Ways to Lose the "Killer" Fat Inside You
Visceral fat is an underlying health issue not talked about enough. Visceral fat is hidden deep within your belly and wrapped around your vital internal organs. It's been connected to serious health problems like type 2 diabetes, Alzheimer's Disease, stroke and several types of cancer. While you can't see or touch visceral fat, it's more than likely there and it's usually caused by unhealthy lifestyle choices like consuming too many calories, excessive drinking and not enough physical activity. Eat This, Not That! Health talked with Dr. Yasmin Akhunji, a board-certified endocrinologist with Paloma Health who explained why visceral fat is so dangerous and the best ways to lose it. Read on—and to ensure your health and the health of others, don't miss these Sure Signs You've Already Had COVID.
Why Visceral Fat is Dangerous
Dr. Akhunji explains, "There are several reasons we want to avoid having excess fat around the midsection. The problem with belly fat is the fact that not only do we have that annoying fat pad below our bellies, but 'visceral fat' is also what encompasses our organs. Regardless of your weight, we know that belly fat increases your risk of insulin resistance and Type 2 diabetes, cardiovascular disease, risk of stroke, and even colorectal cancer. The 'metabolic syndrome,' of which belly fat is a risk factor, is important to watch for even beginning at a young age. Thyroid hormones are also something to watch for as they play a role in regulating metabolism and other hormones such as insulin and cortisol."
Measuring Visceral Fat
Dr. Akhunji says, "There's no perfect way to measure how much visceral fat one has, and BMI is unfortunately not a reliable predictor of the above. A more accurate measure of body fat distribution is a dual-energy x-ray absorptiometry (DXA). This gives us a detailed picture of body composition by breaking down body weight by fat, bone, and lean tissue mass. According to the American Journal of Clinical Nutrition, healthy body fat percentage changes by age and gender. For example, people aged 20 to 39- women, in particular, should aim for a body fat percentage of 21 to 32%, while men should aim for 8 to 19%. These percentages change and increase as age increases. I recommend working closely with your doctor to determine a healthy body fat percentage based on your sex, age, and height."
Work with a Doctor
According to Dr. Akhunji, "One of the most important things to keep in mind when trying to lose weight is to make sure with a trusted clinician that other medical issues are not going on at the same time. Health disorders such as insulin resistance, diabetes, hypothyroidism, and polycystic ovarian syndrome can affect how we respond to diet and exercise changes. These hormones include your insulin and blood sugars, adrenal hormones, and of course, thyroid hormones."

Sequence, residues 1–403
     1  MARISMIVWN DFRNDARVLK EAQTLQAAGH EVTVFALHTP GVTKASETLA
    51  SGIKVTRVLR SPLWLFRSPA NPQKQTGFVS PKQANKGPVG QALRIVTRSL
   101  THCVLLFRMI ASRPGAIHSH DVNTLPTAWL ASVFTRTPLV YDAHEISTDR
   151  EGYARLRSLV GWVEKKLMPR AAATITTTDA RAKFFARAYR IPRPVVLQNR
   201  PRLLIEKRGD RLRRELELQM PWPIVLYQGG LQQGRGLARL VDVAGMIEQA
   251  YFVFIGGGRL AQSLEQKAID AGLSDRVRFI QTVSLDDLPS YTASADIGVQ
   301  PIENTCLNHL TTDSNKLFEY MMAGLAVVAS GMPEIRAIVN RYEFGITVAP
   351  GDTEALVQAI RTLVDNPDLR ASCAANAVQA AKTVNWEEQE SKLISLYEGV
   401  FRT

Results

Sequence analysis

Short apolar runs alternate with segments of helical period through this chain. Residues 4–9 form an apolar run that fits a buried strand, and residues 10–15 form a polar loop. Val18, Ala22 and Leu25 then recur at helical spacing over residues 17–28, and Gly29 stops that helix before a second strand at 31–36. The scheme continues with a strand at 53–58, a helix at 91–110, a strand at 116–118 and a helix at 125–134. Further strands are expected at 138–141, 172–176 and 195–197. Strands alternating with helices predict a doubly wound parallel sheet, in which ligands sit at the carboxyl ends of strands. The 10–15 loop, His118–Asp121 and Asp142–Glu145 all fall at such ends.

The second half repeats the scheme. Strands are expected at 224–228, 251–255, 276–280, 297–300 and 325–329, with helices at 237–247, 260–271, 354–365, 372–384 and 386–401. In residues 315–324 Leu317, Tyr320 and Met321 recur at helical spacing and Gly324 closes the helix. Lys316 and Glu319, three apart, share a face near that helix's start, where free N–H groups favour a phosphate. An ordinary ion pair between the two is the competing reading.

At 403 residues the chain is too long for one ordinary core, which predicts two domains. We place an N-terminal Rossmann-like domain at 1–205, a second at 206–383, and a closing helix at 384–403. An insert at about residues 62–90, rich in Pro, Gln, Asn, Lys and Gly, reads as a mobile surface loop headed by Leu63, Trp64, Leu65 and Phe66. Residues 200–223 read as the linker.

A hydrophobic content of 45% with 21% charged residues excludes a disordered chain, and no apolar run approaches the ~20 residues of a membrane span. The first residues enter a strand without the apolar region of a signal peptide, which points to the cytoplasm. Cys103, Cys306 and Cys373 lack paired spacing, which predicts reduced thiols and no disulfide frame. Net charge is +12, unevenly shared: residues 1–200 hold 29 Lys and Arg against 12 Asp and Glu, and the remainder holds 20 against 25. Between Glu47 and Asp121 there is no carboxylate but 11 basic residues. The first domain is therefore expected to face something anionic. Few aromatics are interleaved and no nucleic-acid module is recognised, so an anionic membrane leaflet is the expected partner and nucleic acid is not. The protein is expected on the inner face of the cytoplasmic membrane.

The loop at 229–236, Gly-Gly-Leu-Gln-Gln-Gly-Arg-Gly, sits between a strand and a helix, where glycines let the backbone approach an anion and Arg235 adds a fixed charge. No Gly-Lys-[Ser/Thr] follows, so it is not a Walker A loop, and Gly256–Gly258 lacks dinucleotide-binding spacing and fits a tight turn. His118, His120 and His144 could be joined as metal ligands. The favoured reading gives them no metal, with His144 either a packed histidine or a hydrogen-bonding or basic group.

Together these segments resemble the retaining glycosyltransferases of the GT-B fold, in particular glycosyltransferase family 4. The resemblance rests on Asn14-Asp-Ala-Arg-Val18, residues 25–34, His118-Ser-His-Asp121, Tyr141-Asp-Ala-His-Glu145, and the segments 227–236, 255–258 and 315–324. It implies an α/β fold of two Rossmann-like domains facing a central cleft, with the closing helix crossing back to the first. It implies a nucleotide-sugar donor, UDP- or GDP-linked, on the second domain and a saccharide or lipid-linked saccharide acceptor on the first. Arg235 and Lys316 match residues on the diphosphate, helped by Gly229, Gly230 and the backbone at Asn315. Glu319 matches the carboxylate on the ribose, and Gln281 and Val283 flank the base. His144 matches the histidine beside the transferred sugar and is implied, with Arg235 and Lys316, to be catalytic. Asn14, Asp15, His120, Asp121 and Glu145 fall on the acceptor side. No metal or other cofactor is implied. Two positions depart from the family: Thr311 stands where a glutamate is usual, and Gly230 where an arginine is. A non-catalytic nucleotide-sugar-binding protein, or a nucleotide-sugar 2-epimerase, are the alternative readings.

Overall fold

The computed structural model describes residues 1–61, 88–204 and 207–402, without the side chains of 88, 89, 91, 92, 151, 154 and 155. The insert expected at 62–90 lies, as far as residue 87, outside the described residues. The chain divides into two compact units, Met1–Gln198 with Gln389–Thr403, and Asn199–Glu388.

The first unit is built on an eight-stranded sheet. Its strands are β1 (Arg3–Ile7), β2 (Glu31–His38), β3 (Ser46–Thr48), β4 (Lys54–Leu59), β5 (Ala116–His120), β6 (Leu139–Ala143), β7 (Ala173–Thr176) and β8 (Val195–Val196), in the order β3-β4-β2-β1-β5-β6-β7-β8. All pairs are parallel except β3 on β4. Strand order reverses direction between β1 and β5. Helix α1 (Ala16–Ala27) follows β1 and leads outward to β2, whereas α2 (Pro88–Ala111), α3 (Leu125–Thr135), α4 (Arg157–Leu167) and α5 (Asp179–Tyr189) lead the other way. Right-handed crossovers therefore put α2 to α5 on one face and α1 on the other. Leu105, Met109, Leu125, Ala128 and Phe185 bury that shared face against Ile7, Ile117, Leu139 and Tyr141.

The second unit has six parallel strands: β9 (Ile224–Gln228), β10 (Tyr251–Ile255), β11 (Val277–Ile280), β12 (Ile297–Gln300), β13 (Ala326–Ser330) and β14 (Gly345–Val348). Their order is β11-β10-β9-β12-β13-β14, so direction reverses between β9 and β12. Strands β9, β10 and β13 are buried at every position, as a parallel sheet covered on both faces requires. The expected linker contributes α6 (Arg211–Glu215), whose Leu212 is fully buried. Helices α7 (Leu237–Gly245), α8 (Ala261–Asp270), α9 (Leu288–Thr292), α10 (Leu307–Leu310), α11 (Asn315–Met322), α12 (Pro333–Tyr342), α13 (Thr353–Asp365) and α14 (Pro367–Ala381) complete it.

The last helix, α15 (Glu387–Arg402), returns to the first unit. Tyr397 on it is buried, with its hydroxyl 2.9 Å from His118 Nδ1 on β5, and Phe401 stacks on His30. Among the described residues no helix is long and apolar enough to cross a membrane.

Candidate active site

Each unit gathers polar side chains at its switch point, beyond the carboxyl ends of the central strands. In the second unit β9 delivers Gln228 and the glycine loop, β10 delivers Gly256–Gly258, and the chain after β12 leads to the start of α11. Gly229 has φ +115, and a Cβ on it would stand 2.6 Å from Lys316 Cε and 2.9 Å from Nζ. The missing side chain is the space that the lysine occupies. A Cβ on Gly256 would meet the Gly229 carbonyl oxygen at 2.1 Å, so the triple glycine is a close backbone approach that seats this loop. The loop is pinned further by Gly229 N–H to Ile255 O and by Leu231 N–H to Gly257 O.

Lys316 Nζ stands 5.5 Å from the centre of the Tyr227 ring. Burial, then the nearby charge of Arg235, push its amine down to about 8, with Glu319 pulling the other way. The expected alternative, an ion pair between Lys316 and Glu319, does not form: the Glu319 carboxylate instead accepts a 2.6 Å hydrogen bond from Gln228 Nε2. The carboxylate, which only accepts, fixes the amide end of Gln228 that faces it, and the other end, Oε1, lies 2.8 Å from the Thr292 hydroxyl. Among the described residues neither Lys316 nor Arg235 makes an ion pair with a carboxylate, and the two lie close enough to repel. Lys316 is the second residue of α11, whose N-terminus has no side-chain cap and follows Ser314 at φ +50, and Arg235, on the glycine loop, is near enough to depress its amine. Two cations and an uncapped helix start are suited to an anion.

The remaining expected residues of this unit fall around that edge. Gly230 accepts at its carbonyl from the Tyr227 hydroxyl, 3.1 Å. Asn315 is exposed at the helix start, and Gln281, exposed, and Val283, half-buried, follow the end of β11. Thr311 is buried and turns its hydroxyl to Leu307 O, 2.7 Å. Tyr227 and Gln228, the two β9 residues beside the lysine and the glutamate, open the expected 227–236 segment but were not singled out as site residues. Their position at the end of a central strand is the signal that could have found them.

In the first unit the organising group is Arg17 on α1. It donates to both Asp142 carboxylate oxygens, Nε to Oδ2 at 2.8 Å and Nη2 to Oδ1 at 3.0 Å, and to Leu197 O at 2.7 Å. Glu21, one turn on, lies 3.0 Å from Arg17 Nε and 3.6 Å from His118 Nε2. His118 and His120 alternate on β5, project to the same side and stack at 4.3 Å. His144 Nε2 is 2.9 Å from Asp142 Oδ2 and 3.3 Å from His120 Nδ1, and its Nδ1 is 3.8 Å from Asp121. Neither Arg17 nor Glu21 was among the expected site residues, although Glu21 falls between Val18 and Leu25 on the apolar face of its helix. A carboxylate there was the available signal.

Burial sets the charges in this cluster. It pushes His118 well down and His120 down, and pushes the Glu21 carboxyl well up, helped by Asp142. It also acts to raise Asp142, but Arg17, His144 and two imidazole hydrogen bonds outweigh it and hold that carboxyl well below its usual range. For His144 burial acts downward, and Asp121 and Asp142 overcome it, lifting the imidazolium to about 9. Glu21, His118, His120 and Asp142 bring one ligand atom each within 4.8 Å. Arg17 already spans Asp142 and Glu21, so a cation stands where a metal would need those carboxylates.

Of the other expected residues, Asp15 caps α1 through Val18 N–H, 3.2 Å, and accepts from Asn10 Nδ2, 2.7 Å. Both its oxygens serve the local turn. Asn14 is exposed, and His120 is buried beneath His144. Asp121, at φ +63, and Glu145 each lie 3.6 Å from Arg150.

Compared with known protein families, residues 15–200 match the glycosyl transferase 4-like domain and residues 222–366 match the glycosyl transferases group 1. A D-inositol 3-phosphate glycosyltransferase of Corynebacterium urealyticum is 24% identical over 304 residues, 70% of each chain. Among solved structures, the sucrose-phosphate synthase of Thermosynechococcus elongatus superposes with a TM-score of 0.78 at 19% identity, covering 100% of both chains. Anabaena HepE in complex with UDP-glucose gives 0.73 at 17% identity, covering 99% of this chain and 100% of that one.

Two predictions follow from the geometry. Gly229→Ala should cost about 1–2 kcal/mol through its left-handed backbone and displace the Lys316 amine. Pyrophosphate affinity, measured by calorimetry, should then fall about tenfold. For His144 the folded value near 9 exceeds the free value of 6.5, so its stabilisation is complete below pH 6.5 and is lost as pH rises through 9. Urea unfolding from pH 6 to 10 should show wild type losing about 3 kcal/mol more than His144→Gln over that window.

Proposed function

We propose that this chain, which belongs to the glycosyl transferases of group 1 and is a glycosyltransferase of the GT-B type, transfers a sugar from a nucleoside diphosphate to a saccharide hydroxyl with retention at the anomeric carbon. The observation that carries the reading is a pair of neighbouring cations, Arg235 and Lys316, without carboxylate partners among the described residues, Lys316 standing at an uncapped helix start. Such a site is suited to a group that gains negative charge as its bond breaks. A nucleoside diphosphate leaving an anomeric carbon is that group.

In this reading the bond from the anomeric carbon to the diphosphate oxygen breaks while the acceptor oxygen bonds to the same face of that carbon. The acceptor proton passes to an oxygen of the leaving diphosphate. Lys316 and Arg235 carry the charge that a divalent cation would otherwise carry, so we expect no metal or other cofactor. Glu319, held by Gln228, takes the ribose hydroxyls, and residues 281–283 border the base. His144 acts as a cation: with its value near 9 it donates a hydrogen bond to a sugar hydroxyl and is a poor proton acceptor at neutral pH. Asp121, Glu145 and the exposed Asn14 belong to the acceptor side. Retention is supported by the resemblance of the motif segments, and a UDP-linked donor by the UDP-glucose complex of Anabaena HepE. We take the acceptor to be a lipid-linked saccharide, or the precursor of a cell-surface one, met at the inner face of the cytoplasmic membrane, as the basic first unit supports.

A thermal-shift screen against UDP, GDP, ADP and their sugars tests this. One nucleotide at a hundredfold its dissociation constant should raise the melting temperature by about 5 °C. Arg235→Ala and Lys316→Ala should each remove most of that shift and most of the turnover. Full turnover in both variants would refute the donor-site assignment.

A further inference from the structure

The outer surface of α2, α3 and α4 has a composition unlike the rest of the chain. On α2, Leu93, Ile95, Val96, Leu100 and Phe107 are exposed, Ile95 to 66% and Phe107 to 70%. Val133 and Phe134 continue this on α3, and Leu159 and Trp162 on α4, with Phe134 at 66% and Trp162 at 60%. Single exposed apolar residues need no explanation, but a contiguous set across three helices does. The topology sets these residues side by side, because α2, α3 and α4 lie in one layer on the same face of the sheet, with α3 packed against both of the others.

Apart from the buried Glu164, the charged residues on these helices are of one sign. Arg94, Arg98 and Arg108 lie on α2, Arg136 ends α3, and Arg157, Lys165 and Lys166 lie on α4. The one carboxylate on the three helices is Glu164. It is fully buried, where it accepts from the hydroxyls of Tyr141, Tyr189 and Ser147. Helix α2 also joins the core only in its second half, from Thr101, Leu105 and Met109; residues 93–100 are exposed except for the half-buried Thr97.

Eat a Nutrient-Dense Diet
"What you eat is an essential factor in weight management," Dr. Akhunji states. "I recommend eating a nutrient-dense diet with lots of lean meats, healthy fats, and hearty greens for my endocrine patients. Reduce processed foods and common inflammatory foods like gluten, grains, dairy, and sugar—and don't forget to stay hydrated! In the Framingham heart study, people consuming whole grains were found to be 17% less likely to have abdominal fat than those who are consuming refined grains."
Limit Your Alcohol Intake
Dr. Akhunji says, "It's also crucial to watch things like alcohol intake. Excessive alcohol intake is associated with central obesity—and this was seen in just adding one additional alcoholic beverage daily. Eating foods that are high in soluble fiber allows you to feel fuller for a more extended period. Generally, people are prone to eating less and being more mindful of their diet when those foods are added in. Foods such as blackberries, flaxseeds, and avocados are an example of this."
Manage Your Stress
Dr. Akhunji explains, "Managing stress can support weight management. When the stress hormone cortisol is chronically elevated, one might note sleep disturbance, weight gain, muscle weakness, brain fog, mood swings, anxiety, and fatigue. Eating well, exercising regularly, getting good sleep, and practicing self-care can help balance your cortisol levels as well as your thyroid hormones." And to protect your life and the lives of others, don't visit any of these 35 Places You're Most Likely to Catch COVID.
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